Although a small pilot study, Kobayashi and Tamada’s 2007 work demonstrated positive results. Follow-up appointments were carried out at six months post treatment. Of the 12 subjects that returned for observation, all showed a reduction in acne lesions, and all reported a reduction in the greasiness of their skin. Kobayashi and Tamada note that with selective electrothermolysis, the treatment outcome is highly dependent on the therapist’s skill, unlike with laser machines, where the quality of the apparatus would have a significant impact on outcome.

The results of Lee et al.’s 2012 study were very encouraging, with all subjects showing a reduction in acne lesions after three treatments, and most of these being classified as demonstrating clinically successful results after just one treatment. The patient satisfaction scores were high, with 59% reportedly being ‘very satisfied’ with the outcome. A year after the treatment, two subjects did report a relapse, but the results were mild.

What are the side-effects?

As the treatment is non systemic, it is highly unlikely to cause side-effects. However, due to the nature of the treatment, some transient erythema should be expected. It is also possible that when the inflammatory content is released from lesions, it can spread to surrounding tissues, causing further inflammation. This was reported as a noted side-effect by Lee et al. Crucially, the procedure is non-damaging to the skin tissues and as such, scarring and pigment alterations are highly unlikely when performed by a professionally trained dermatologist or electrolysist, assuming appropriate aftercare is pro-actively followed by the client.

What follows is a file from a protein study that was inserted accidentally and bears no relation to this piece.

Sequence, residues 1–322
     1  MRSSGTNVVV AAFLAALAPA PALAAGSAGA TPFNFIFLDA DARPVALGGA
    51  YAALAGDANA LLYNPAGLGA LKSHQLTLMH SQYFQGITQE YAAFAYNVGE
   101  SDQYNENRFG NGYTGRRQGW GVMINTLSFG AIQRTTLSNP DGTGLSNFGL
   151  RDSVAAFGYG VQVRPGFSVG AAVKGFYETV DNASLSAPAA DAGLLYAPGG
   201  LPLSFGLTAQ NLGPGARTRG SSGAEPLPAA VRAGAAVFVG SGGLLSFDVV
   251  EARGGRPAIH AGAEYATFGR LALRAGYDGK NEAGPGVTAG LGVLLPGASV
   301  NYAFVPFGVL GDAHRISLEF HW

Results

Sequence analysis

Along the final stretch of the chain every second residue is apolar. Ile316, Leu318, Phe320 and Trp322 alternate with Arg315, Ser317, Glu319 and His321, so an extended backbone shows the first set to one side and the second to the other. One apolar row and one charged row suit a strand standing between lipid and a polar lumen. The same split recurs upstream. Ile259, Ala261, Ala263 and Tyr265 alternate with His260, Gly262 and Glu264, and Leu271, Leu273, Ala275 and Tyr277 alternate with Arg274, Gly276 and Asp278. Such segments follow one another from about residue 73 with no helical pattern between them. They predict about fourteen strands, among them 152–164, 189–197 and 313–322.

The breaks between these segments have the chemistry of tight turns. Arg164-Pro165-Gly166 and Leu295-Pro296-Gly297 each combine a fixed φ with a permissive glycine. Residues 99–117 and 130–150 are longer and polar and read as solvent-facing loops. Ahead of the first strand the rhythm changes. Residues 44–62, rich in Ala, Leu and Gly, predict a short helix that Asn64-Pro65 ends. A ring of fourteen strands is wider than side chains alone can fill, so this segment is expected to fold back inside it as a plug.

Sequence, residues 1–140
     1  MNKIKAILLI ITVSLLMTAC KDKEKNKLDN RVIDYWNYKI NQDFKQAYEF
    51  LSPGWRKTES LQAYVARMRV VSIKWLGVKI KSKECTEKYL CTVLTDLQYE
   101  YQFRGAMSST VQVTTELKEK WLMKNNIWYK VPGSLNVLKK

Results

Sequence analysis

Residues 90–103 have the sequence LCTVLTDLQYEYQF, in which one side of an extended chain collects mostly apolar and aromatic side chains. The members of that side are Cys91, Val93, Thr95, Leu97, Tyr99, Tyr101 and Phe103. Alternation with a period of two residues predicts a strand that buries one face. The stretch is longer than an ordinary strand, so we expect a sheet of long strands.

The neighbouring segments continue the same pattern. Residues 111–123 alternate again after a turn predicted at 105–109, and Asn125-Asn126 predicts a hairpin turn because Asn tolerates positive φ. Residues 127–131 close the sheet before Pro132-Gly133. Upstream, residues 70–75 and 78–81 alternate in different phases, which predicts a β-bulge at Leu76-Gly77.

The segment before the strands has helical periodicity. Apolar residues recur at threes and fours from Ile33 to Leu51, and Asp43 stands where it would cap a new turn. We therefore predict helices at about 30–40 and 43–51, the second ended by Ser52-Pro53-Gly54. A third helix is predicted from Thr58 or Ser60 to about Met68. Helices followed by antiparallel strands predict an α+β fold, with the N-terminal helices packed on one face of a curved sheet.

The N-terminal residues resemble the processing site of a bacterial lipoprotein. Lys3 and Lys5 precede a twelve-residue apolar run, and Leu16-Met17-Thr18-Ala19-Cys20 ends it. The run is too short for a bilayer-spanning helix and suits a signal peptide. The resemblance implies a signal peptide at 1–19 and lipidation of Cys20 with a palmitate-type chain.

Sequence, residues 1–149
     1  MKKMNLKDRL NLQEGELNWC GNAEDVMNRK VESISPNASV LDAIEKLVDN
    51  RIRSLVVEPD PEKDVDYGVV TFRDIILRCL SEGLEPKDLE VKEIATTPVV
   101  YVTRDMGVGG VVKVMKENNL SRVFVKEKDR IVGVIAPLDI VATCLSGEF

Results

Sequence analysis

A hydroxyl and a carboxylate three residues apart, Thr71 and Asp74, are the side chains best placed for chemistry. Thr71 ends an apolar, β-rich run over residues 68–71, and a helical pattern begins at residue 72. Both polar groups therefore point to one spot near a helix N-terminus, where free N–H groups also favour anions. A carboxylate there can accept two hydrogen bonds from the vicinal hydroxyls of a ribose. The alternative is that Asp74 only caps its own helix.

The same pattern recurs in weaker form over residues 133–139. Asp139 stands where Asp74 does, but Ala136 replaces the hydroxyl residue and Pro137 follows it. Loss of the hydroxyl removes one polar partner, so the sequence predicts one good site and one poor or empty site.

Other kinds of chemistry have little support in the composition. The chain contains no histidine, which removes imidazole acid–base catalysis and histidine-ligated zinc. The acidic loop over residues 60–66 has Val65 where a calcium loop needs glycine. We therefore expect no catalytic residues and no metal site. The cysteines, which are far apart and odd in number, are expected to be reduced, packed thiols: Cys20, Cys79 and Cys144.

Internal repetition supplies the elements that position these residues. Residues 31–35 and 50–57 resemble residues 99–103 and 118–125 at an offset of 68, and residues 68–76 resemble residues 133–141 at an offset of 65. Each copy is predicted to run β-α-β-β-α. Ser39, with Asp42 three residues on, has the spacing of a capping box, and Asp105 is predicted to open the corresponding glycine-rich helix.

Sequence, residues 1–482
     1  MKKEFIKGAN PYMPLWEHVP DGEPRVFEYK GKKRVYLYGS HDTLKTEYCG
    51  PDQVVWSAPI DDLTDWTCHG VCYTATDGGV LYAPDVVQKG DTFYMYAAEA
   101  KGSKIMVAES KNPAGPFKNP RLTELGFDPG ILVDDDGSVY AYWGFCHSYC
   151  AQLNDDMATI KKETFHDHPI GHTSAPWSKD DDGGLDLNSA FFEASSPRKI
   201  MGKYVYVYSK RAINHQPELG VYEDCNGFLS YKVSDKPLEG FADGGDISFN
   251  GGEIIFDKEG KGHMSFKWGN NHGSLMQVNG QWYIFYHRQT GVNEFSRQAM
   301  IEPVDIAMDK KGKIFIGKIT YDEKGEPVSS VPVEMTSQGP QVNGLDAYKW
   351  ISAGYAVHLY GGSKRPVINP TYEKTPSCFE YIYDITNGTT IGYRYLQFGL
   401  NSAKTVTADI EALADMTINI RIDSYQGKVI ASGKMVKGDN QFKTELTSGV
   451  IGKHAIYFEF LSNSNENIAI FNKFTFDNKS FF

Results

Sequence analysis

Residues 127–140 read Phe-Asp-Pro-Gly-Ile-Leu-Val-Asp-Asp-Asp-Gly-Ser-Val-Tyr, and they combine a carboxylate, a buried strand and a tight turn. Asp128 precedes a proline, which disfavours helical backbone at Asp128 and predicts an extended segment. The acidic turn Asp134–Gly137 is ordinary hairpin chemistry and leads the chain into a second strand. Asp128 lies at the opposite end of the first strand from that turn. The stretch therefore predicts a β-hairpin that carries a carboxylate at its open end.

References

1. Lloyd JR, Mirkov M. Selective photothermolysis of the sebaceous glands for acne treatment. Lasers Surg Med 2002;31:115-20.
2. Kobayashi T, Tamada S. Selective electrothermolysis of the sebaceous glands: treatment of facial seborrhea. Dermatol Surg 2007;33:169-77.
3. Lee JW, Kim BJ, Kim MN, Ahn GY. Selective sebaceous gland electrothermolysis as a treatment for acne: a prospective pilot study. International Journal of Dermatology 2012;51(3):339.

Further information

The British Institute and Association of Electrolysists has a small group of highly trained electrolysists currently offering SGA treatments in clinics throughout the UK, and hopes to offer training courses for its members in the future. For more information, please contact the BIAE at www.electrolysis.co.uk.

Declaration of competing interests: None declared.

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CONTRIBUTOR
Sarah Wheat

British Institute and Association of Electrolysis

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CONTRIBUTOR
Angela Wheat

Member of the International Federation of Health and Beauty Therapists and the National Advisory Board for Beauty Therapy